Le sénateur contre la machine

WASHINGTON - En Amérique le monde de la finance affiche depuis quelques mois d'un renouveau d'influence politique qu'il utilise pour saper la plupart des propositions raisonnables de réforme du secteur bancaire encore en discussion. Si nous faisons encore quelques progrès, c'est grâce aux efforts admirables d'une poignée de sénateurs américains.

Le travail du sénateur démocrate Ted Kaufman du Delaware (un Etat favorable aux business) est particulièrement remarquable. Il a ouvré sans cesse à résoudre les problèmes les plus difficiles du secteur financier américain. Il sait que pour réussir, une réforme nécessite trois ingrédients : des arguments persuasifs, la capacité d'obtenir le soutien d'autres sénateurs et de la chance sous la forme d'événements qui arrivent au bon moment pour mettre en évidence le problème que l'on veut résoudre. Contrairement à toute probabilité, il a fortement progressé sur les deux premiers fronts.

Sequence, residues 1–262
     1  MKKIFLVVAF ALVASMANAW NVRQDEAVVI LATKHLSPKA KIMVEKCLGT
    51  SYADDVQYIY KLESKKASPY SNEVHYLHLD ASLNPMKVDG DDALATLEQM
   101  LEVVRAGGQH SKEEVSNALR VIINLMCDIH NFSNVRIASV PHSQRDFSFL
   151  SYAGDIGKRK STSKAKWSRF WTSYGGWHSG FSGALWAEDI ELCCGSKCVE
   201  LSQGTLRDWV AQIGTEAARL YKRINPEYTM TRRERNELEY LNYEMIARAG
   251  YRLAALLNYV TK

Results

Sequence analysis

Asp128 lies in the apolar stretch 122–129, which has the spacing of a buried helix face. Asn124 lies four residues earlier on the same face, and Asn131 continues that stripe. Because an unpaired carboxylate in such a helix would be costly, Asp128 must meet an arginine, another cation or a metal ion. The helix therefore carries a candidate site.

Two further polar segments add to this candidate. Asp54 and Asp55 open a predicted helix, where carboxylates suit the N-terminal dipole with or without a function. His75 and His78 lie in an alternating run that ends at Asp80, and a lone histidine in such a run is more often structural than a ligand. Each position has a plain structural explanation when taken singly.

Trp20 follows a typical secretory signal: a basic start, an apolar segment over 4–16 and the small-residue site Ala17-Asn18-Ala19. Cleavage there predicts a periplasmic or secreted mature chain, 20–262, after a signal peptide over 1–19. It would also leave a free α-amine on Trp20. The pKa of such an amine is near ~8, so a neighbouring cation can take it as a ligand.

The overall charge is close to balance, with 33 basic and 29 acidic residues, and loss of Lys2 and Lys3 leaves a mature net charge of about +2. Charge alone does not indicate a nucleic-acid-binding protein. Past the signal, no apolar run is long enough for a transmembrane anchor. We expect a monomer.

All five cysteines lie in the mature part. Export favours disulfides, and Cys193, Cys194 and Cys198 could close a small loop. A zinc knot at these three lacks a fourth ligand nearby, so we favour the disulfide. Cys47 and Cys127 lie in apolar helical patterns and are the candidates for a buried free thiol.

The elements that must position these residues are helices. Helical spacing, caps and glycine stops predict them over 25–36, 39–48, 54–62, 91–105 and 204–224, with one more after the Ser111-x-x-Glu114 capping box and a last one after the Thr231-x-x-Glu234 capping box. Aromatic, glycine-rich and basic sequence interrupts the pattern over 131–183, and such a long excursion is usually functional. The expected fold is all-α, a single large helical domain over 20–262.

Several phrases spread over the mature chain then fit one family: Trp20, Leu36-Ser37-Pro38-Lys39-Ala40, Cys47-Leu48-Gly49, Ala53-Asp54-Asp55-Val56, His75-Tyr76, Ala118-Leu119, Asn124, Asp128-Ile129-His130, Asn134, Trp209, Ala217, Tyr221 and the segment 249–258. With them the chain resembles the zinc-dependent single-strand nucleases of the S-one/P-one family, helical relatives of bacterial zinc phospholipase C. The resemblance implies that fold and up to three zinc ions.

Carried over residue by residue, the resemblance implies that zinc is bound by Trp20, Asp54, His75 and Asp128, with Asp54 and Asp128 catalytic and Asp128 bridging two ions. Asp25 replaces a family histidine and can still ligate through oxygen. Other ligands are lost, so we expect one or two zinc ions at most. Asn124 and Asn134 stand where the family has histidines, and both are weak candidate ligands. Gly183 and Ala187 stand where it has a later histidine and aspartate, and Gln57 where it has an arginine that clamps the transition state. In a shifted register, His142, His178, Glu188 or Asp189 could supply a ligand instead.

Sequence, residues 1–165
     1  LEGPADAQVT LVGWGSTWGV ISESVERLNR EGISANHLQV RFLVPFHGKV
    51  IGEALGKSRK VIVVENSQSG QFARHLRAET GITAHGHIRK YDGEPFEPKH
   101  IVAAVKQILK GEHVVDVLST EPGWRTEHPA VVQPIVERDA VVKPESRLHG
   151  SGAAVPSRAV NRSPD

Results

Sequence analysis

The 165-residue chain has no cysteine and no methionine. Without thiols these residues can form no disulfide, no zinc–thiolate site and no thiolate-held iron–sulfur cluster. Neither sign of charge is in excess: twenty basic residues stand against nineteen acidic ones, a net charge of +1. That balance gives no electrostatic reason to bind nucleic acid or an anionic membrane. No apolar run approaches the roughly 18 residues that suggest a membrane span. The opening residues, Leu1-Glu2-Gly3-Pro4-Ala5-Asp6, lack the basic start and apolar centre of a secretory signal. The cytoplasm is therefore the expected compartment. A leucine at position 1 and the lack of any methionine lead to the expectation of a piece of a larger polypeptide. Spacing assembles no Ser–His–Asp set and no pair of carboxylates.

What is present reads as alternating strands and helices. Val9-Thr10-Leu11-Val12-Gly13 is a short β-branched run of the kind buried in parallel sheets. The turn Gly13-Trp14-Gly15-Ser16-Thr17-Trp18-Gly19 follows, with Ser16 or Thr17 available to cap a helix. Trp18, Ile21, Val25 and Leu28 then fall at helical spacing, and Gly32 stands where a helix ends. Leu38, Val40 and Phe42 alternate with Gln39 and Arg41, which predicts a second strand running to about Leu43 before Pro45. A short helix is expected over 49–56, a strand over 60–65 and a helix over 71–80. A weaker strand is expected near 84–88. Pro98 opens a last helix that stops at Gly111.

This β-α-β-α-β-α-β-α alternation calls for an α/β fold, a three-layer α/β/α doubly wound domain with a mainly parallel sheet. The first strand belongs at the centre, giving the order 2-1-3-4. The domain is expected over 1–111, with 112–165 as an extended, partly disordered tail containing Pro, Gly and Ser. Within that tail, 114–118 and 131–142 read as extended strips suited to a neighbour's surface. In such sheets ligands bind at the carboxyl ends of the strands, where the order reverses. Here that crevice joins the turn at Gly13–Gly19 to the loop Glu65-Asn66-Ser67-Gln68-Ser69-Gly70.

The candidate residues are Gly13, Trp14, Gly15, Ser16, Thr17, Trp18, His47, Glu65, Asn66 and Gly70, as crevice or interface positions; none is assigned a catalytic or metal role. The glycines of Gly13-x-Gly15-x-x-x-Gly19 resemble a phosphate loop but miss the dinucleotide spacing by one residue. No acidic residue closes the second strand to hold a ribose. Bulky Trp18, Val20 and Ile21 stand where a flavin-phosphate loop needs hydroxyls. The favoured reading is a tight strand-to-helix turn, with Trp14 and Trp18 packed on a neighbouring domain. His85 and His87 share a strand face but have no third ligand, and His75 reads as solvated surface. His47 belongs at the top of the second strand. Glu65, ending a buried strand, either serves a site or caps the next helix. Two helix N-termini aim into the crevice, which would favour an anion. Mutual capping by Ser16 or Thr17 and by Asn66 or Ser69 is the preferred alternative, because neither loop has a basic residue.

Bien avant que cela ne soit devenu banal, il a avancé l'idée que le boom immobilier américain était alimenté en partie par une fraude à grande échelle au sein du complexe prêt hypotécaire-titrisation-produits dérivés qui niche au cour de Wall Street. Cette thèse est de plus en plus largement admise et de grands journaux font maintenant état d'une enquête criminelle de grande envergure du gouvernement fédéral et du procureur général de l'Etat de New-York sur les prêts immobiliers et les pratiques financières qui leurs sont liées.

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